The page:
Author Topic: Oregon Trail  (Read 1619 times)

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Offline sidburg

Oregon Trail
« on: December 13, 2009, 09:37:19 pm »
I'm eager for information about Historical Trails Cycling.  They have been leading an Oregon Trail tour every other year. I was hoping to make the 2010, but this group seems to have disappeared.  Old address, historicaltrailscycling.com, comes up empty. 

Offline JMilyko

Re: Oregon Trail
« Reply #1 on: December 14, 2009, 08:05:26 am »
You must have caught the website in the midst of maintenance or something, http://www.historicaltrailscycling.com/ comes up for me.

.Jennifer.
*_*_*_*_*_*_*_*_*_*_*

Jennifer H. Milyko
Adventure Cycling Association
Inspiring and empowering people to travel by bicycle.
800/755-2453, 406/721-1776 x205
www.adventurecycling.org

Follow Routes & Mapping on Twitter: @acaroutes

Offline scott.laughlin

Re: Oregon Trail
« Reply #2 on: December 17, 2009, 03:24:02 pm »
I'm eager for information about Historical Trails Cycling.  They have been leading an Oregon Trail tour every other year. I was hoping to make the 2010, but this group seems to have disappeared.  Old address, historicaltrailscycling.com, comes up empty. 

Fifteen years ago I bought a book called *Maps of the Oregon Trail* by Gregary M. Franzwa.  It's nearly 300 pages of detailed maps.  Much of the trail is located on private property.  It's like following Route 66--hit and miss.  My suggestion would be to check you local library to see if you can look at that book before you invest $700.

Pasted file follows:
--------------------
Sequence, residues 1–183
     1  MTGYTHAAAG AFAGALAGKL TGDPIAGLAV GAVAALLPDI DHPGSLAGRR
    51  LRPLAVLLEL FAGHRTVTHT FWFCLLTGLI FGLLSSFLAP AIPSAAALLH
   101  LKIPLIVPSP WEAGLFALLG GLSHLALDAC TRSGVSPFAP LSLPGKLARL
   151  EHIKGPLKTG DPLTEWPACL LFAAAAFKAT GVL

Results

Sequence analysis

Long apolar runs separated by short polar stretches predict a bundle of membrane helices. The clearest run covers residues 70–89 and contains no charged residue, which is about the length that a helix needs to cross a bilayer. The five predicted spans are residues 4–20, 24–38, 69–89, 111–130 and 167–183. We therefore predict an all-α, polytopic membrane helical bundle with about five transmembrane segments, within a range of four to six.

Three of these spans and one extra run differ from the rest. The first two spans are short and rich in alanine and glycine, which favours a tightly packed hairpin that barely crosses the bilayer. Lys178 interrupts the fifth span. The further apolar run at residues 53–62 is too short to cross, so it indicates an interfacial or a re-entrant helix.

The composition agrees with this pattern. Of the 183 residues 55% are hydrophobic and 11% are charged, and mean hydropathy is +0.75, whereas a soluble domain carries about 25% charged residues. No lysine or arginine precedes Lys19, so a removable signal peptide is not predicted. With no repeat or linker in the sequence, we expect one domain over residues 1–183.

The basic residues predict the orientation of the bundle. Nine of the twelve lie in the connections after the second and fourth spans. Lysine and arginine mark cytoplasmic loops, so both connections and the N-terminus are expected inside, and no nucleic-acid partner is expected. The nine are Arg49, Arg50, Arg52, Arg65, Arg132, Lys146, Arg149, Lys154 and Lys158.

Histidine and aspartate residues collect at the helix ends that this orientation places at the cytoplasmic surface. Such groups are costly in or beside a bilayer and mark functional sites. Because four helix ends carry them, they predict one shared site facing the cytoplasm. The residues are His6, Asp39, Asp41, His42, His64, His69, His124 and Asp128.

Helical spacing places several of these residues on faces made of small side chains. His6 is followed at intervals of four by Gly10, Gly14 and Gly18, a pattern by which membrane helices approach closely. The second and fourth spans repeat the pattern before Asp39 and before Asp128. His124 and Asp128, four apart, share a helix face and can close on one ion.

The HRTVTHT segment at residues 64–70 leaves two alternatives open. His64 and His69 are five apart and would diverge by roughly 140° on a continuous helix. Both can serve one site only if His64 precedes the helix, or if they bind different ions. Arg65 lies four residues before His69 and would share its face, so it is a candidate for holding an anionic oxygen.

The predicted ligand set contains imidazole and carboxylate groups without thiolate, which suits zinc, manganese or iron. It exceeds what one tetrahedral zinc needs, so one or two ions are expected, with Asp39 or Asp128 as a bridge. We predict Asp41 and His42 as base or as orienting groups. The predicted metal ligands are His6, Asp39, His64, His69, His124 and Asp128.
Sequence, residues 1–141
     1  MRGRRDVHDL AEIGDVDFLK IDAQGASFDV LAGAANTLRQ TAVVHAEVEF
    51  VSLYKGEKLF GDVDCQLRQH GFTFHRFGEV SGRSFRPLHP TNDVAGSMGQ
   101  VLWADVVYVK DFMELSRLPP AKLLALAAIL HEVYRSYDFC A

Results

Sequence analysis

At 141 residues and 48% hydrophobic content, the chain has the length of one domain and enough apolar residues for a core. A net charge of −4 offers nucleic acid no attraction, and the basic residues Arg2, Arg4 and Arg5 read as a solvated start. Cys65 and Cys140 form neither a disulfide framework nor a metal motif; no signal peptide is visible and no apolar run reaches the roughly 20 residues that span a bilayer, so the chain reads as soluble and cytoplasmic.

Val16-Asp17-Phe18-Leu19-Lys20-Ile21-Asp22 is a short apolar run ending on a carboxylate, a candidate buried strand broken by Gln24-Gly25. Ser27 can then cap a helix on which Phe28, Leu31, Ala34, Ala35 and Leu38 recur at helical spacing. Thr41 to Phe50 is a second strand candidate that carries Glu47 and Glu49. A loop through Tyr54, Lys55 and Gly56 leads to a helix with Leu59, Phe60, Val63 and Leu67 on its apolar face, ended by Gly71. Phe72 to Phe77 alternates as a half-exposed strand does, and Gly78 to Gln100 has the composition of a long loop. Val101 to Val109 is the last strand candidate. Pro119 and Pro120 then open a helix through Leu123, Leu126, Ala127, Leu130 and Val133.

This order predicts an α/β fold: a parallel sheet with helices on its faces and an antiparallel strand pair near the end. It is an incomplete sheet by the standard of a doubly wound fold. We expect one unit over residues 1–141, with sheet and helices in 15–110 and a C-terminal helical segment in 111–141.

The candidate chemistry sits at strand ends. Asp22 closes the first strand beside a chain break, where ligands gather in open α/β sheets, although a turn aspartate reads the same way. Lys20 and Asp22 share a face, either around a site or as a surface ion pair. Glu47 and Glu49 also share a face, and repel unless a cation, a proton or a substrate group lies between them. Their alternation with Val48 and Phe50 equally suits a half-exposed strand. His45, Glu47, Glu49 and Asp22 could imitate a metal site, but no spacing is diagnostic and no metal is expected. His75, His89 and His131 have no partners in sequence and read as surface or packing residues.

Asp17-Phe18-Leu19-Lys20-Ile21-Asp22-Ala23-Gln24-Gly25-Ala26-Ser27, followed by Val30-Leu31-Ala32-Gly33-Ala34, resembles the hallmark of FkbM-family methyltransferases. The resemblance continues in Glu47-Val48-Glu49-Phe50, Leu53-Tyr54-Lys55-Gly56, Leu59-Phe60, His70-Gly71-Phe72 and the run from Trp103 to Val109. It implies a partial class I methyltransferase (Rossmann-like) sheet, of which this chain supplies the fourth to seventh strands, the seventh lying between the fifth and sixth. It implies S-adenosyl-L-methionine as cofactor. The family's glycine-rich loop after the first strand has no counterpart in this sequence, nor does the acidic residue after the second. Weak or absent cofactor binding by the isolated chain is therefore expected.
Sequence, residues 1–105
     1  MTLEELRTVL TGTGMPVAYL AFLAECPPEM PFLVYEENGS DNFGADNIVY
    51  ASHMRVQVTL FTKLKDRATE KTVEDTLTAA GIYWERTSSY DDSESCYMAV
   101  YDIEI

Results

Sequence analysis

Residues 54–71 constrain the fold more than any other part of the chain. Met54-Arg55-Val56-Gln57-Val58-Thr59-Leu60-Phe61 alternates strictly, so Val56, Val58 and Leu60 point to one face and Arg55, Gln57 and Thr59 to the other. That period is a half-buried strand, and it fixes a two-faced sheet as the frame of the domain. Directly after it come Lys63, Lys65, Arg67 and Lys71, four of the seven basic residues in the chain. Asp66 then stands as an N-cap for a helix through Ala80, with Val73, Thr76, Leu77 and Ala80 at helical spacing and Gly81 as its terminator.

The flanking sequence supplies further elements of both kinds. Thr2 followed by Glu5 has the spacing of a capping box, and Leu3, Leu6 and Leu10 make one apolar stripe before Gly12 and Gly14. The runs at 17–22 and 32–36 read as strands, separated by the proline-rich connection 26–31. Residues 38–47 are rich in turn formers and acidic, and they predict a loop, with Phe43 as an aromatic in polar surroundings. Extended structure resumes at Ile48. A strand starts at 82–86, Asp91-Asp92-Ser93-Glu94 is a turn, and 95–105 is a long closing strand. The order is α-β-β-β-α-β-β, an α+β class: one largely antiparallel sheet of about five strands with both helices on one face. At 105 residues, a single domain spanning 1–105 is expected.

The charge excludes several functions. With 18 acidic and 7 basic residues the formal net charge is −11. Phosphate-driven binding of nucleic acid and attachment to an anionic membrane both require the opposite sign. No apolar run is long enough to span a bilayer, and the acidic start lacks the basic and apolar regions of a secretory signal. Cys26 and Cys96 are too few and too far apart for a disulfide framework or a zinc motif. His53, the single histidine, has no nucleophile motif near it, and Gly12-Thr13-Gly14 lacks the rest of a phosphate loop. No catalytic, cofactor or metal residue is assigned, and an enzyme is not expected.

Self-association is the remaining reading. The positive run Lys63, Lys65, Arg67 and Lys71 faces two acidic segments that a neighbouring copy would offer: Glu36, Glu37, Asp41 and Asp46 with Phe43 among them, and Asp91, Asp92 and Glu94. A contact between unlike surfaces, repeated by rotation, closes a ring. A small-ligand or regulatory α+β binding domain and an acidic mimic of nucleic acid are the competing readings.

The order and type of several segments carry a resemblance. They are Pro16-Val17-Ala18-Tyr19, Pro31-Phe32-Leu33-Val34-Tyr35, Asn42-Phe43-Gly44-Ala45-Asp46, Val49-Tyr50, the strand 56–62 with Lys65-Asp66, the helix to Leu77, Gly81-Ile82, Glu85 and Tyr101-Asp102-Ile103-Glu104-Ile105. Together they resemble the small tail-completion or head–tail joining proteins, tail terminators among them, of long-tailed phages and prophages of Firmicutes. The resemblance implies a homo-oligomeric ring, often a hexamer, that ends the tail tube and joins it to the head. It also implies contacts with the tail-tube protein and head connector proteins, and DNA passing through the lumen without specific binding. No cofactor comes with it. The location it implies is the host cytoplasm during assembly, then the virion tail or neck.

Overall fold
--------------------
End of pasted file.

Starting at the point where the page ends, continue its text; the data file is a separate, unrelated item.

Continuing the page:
Near Baker City Oregon there's a place that looks like a four-foot-deep dry creek bed, but the sign identifies it as the Oregon Trail.  I knew where the picture was I'd send it to you.  Onjloy the handbars of my Bike Friday are visible.

Scott

Offline roadrunner

Re: Oregon Trail
« Reply #3 on: December 22, 2009, 02:57:32 pm »
Sidburg -- I did a self-contained tour of the Oregon Trail route in 2001 from Kansas City to Oregon City riding roads nearest the original trail.  It's a great route, with many historical sites, good scenery, and mostly light traffic.  "Traveling the Oregon Trail," by Julie Fanselow, is an excellent reference for touring the trail.  Written for driving the route, it describes the trail's history, has maps of the trail and nearby roads, and lists lodging, campgrounds, and restaurants in towns along the route.  The book is available from Amazon.com for about $10.

If you'd be interested in riding the trail on your own, I'd be happy to e-mail you the itinerary and journal of my tour.